Occupational LBP in Primary- and High-School Teachers; Treating MVA Complications With Chiropractic Care; Neck Pain: Immediate Effects of Active Scapular Correction; Taping Benefits Stride, Step Length in Fatigued Runners.
AWB Makes a Difference in the Yucatan
We are in the sleepy town of Izamal, located about an hour from the Merida airport where our group arrived last night. Later that morning, on a bus winding through the dusty roads of the Yucatan, fourteen acupuncturists, two facilitators from AWB and two tour guides make their way to the small rustic town of Popola.
Animal Acupuncture Gaining in Popularity
We have just finished the year of the fire hoarse and now it is time to spend some time alone, daydreaming and thinking outside the box in terms of where our profession is headed. The sheep person is well organized and creative so this should not be difficult to do.
Show Up and Show Respect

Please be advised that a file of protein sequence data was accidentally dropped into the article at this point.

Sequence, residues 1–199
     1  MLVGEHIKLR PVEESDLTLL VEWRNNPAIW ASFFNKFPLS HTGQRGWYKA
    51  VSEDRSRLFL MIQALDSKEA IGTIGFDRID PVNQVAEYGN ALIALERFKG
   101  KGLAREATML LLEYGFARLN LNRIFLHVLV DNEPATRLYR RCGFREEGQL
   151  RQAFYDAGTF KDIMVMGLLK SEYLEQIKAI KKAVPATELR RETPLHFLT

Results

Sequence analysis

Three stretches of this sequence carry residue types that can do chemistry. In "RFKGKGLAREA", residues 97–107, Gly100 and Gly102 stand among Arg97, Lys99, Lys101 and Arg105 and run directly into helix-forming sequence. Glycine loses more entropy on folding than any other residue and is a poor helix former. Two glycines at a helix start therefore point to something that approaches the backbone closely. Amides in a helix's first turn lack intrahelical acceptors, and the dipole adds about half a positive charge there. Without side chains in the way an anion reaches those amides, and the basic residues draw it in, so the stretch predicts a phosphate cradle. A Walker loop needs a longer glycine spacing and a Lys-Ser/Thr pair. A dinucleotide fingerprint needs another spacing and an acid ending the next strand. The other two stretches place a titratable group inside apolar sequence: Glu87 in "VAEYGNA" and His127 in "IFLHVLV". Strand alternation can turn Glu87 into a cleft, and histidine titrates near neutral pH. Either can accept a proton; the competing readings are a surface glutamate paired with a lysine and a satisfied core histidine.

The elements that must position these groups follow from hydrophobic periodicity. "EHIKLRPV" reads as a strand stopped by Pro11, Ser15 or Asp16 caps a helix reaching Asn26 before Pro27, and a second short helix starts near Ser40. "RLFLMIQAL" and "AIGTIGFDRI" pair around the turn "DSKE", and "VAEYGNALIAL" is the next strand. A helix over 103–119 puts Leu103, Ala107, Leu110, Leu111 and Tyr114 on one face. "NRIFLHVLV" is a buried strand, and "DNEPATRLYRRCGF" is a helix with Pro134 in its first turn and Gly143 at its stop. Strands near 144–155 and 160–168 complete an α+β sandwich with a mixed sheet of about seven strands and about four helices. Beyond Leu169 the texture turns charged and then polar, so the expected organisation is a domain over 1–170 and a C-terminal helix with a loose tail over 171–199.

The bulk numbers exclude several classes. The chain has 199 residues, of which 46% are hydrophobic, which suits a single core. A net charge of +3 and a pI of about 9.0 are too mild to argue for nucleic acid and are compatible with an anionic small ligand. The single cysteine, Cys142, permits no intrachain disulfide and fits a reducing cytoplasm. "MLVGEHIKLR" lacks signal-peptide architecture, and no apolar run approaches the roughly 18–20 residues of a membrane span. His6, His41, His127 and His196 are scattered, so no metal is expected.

I was recently asked about my chiropractic philosophy. My answer surprised my questioner.
Age and Fertility: Why We Should Worry Less About Age and More About Overall Health
Recently, on one of the acupuncture alumni forums, the topic of age and fertility came up when a practitioner posted a question regarding a patient that was about to turn 40-years-old.
Ringing in the Billing New Year
What are the new modifiers that replace modifier 59? Will they allow doctors of chiropractic to be paid for 97140, manual therapy, when done with chiropractic manipulation?
The Way of Zen Performance Enhancement
Working with elite athletes and implementing various techniques to keep athletes focused and at their optimal performance for a sustained period of time includes incorporating various meditation techniques that counterbalance their sport-specific physical and mental demands, which is an important element of success throughout the years.
The Conscious Evolution of Healing: Importance of Opening the Sensory Portals in Classical Chinese Medicine
The Chinese medical classics are not just clinical guides. They give advice; ways we can awaken more fully into conscious awareness.
I Felt it in My Fingers First